Loving each other is what makes us different

I decided early on that I wouldn’t comment on this ridiculous red-cup discussion that seems to be dominating all the social media feeds. I don’t know a single Christ-follower who is actually taking it seriously. Actually, what concerns me more about the whole mess is my first reaction to it.

I believed it.

When I read the reports on social media that Christians were upset about the design of Starbucks’s 2015 holiday coffee cups, it didn’t surprise me. I mean, heck, Christians have gotten really upset about a lot of really stupid things before, so why should this be any different?

But as the issue persisted, I started wondering if the whole thing is actually real. Are there actually any Christians out there who have a problem with these crazy red cups? Or was it just a few vocal people who caused a stir that simply went viral?

Regardless, I don’t think my initial reaction to the situation is what it should have been as a Christ-follower.

red-coffee-cup-mugToday’s verses are John 13:34-35.

So now I am giving you a new commandment: Love each other. Just as I have loved you, you should love each other. Your love for one another will prove to the world that you are my disciples.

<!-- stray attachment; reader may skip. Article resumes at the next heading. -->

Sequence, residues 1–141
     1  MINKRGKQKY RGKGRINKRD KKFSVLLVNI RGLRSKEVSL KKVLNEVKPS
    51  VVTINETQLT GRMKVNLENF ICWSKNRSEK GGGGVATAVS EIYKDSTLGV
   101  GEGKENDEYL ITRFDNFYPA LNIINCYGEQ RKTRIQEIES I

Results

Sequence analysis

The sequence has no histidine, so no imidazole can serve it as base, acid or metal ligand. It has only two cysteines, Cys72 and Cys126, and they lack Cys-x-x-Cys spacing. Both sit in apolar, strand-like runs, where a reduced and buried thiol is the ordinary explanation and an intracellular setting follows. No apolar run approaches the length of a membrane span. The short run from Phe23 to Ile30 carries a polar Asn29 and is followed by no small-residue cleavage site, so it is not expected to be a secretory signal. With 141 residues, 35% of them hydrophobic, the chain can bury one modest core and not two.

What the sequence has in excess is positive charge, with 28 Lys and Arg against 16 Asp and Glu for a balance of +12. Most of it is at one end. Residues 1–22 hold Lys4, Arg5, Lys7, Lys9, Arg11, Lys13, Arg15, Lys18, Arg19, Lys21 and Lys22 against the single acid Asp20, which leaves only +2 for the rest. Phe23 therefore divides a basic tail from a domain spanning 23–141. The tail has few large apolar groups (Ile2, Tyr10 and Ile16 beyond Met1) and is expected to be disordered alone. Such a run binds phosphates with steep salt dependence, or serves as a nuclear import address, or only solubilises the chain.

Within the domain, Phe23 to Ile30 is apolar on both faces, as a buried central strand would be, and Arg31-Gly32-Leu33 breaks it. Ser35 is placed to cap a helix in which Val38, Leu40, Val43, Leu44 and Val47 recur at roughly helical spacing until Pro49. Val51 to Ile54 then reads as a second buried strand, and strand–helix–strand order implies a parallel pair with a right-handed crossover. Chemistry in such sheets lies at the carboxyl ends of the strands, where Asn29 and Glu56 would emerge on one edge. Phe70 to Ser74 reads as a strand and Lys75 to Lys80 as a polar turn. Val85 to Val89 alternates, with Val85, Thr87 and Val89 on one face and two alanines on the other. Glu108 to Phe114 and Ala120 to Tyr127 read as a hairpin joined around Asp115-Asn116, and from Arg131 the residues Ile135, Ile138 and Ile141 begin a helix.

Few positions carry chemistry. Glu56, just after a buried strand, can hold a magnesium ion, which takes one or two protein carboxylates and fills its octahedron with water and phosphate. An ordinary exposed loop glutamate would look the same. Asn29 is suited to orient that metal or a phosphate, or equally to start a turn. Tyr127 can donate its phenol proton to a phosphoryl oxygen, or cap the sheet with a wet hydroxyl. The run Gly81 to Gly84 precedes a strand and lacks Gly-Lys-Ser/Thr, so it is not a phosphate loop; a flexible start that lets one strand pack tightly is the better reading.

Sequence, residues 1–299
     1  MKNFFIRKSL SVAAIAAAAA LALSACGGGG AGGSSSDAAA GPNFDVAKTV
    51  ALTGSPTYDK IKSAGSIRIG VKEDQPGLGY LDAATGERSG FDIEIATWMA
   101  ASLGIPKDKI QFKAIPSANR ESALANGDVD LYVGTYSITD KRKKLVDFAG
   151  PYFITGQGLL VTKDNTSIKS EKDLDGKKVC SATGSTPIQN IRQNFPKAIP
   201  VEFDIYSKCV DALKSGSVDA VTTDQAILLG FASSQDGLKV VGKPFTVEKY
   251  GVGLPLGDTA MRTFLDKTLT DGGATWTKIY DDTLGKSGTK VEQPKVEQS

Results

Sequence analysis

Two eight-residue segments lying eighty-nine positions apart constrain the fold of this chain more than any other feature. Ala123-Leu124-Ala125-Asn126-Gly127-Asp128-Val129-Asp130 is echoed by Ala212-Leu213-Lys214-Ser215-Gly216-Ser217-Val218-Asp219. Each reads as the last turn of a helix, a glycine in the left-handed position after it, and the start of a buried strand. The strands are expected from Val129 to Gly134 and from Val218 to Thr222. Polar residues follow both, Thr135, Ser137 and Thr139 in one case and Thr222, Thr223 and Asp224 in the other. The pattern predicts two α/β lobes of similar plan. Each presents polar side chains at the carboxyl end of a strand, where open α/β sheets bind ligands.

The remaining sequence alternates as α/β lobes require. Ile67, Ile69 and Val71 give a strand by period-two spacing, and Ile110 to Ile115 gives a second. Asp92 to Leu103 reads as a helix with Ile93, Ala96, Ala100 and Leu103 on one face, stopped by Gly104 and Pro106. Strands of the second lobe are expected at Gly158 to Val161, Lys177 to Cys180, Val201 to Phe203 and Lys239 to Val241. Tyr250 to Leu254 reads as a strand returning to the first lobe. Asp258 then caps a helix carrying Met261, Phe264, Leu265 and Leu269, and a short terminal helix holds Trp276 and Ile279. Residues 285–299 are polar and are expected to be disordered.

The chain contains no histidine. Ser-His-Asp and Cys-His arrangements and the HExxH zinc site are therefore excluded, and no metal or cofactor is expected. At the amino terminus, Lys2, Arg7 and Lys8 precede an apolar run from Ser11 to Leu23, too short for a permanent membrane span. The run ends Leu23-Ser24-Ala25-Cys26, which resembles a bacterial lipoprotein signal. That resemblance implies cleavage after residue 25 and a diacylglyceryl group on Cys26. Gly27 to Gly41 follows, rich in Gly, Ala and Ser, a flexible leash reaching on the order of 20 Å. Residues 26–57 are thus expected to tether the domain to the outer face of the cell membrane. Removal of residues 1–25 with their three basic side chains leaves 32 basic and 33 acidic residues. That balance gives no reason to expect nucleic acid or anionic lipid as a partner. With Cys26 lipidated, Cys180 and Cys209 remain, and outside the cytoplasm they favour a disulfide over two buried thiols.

How often do you get irritated with other Christians? I probably shouldn’t admit this, but Christians really tick me off. They tick me off faster than non-Christians any day of the week because I have high expectations for Christ-followers. I expect that a Christ-follower is going to want to live like a Christ-follower. I don’t expect someone who has chosen not to follow Jesus to behave like a Christian. Why would they?

But one of the things Jesus said over and over again in Scripture is how we’re supposed to love each other, and He wasn’t talking about Christians loving non-Christians, which of course is true. We’re supposed to love everyone, but Christians are especially supposed to love each other. And part of loving each other is giving each other the benefit of the doubt.

Instead of jumping to conclusions about what other people say about Christians in general, let’s just take a step back for a moment. Just because Christians as a whole tend to be a little panicky and harsh doesn’t mean that they’re stupid and unreasonable and not worth your time. And just because a few media outlets report that Christians are doing/saying things, doesn’t mean they actually are.